Thursday, November 12, 2009
The research found that adult Australian Pied Oystercatchers show extreme faithfulness to their breeding area despite an increase in recreational disturbance, and in the case of some pairs, continuous breeding failure. These findings have implications for planned developments in Oystercatcher nesting areas.
Mike's presentation featured the photographs of Alan Fletcher.
The Australian Pied Oystercatcher Heamatopus longirostris is restricted to Australia, Southern New Guinea and the Aru Islands. There is no evidence of recent declines in the most important parts of the species’ range in Tasmania or Victoria but the northern New South Wales population is in decline. The main current and potential threats include coastal development, habitat loss, human recreation disturbance, fox predation, clam harvesting, kelp harvesting from sandy shores and rising sea levels with an increased incidence of storm surges associated with global climate change.
OK so the bit about the leader isn't true, but they do seem to form communal groups of around 10 to 12 birds. The group has a dominant male and several females and young birds.
In its own genus (Struthidea cinerea) it is placed in the family known as the mud-nest builders or Corcoracidae, with the White-winged Chough (Corcorax melanorhamphos), which differs in appearance but exhibits many behavioural similarities. The two birds are often found foraging near each other along country roadsides. The natural range is across inland eastern Australia, in dry forests or woodland near water. As a kid I knew them as Happy Jacks, they were also called CWA Birds, though I can't think why.
- Apostlebirds are a communal species with each family group generally containing only one breeding pair, the rest being their helper offspring.
- All family members help construct a labour-intensive mud nest.
- If a previous season’s nest is in good condition, it is re-lined and used again.
- Emu dung is used as a substitute for mud in dry years.
- Apostlebirds become excited after rain even outside the breeding season, picking up mud and running about with it.
- Chick raising tasks including brooding, feeding and removing faecal sacs are evenly shared by all birds.
- The group can begin a second clutch in another nest within one week of the first brood leaving the nest.
- They engorge their irides with blood when excited.
- Groups remain within their territories, which averaged 25 ha though during the heat of summer, several groups congregate close to a permanent water supply.
- Apostlebirds feed on the ground, gathering a variety of insects such as grasshoppers, weevils, shield-bugs and ants; they also eat a wide range of small seeds
- Allopreening is common within the groups and several birds frequently sit side by side on a branch, preening both themselves and one another.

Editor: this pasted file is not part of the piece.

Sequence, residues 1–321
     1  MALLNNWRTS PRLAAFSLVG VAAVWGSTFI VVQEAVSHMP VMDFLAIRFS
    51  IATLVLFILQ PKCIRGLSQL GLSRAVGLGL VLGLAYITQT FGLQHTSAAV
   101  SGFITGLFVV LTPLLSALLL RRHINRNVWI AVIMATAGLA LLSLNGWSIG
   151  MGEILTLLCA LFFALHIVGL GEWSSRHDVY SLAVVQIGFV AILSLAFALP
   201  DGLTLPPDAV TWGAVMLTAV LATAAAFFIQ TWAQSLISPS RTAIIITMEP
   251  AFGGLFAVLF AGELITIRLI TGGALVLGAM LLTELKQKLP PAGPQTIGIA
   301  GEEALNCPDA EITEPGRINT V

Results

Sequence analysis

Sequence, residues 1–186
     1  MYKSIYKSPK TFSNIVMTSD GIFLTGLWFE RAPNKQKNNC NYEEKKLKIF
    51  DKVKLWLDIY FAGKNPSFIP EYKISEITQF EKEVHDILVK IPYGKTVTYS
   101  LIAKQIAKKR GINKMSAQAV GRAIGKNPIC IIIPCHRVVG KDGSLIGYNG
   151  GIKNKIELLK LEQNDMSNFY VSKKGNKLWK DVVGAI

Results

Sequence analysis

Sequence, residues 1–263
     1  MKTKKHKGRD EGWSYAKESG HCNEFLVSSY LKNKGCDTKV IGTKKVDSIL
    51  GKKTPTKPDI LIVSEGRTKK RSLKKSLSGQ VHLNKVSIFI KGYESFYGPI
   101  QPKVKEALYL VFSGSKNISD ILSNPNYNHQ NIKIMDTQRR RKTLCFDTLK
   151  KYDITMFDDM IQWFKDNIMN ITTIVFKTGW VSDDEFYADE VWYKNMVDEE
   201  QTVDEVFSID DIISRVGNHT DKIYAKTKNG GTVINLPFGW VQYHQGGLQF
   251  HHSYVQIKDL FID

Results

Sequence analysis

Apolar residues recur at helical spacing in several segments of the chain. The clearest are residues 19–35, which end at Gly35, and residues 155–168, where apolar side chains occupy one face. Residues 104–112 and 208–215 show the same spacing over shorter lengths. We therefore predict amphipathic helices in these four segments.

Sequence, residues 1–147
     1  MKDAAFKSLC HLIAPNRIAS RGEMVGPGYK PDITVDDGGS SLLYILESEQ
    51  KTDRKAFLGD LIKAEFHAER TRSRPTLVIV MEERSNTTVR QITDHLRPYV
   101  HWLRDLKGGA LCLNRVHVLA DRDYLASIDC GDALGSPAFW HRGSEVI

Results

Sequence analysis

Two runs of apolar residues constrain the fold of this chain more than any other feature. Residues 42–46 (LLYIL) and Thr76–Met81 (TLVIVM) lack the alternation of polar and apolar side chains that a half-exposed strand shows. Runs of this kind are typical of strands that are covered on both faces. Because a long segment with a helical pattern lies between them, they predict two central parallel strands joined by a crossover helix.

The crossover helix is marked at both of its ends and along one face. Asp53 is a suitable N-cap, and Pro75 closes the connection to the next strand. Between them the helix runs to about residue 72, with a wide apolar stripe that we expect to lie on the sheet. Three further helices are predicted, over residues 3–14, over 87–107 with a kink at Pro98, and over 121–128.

- They roost side by side, usually touching.
Chapman, G., The Social Life of the Apostlebird Struthidea cinerea Emu. Vol. 98, no. 3, pp. 178-183. Sep 1998.
Wednesday, November 11, 2009
Ficken's study found patterns in the types of avian play consistent with that of mammals. She concluded that orders with mostly altricial species tend to exhibit more play, especially social play, than do orders with precocial species, and that object play is most common play behaviour, especially in raptors.
Ficken, Millicent S. "Avian Play" The Auk, Vol. 94, No. 3 (Jul., 1977), pp. 573-582
The settlement ponds in Warren and the lagoons known as Tiger Bay are conveniently arranged both sides of the highway through town. Apart from the olfactory assault that is a usual part of birding in an STW it was a rather pleasant spot with trees around the lagoon, raised paths and good views.
We stopped here on the way to and from Nyngan, turning off the Golden Highway at Dunedoo, and driving through Gilgandra rather than travelling through Dubbo.
Brown Treecreepers were plentiful, and vocal, entertaining us with their antics. Lots of ducks, and several raptors. We were planning to drive west until we found sunshine, and by Warren it had stopped raining and the sun was promising to break through. Two days later there was not a cloud in the sky.
Australian Wood Duck
Pacific Black Duck
Little Black Cormorant
Wednesday, November 4, 2009
It was Psittacidae Day at the Walka Waterworks on Monday.
Waiting for Maureen I got some great photos of a Yellow-rumped Thornbill who picked a paralysis tick out of the grass just a metre from me. We then set out to walk around the lake hoping to find nesting grebes, or better yet grebes with babies on their backs. We saw all three grebes, but no babies, though the musk duckling almost made up for that. There were a few bush birds, but it was way too hot to pursue them. We encountered two snakes on the path, Maureen almost stepping on an Eastern Brown as she searched the treetops for rarities.
Back at the car park, we were re-hydrating when the parrots started to fly in. It was hard to know where to point the camera. The antics of the cockatoos and corellas won out though as they tried to land on precarious perches in an increasingly stiff wind.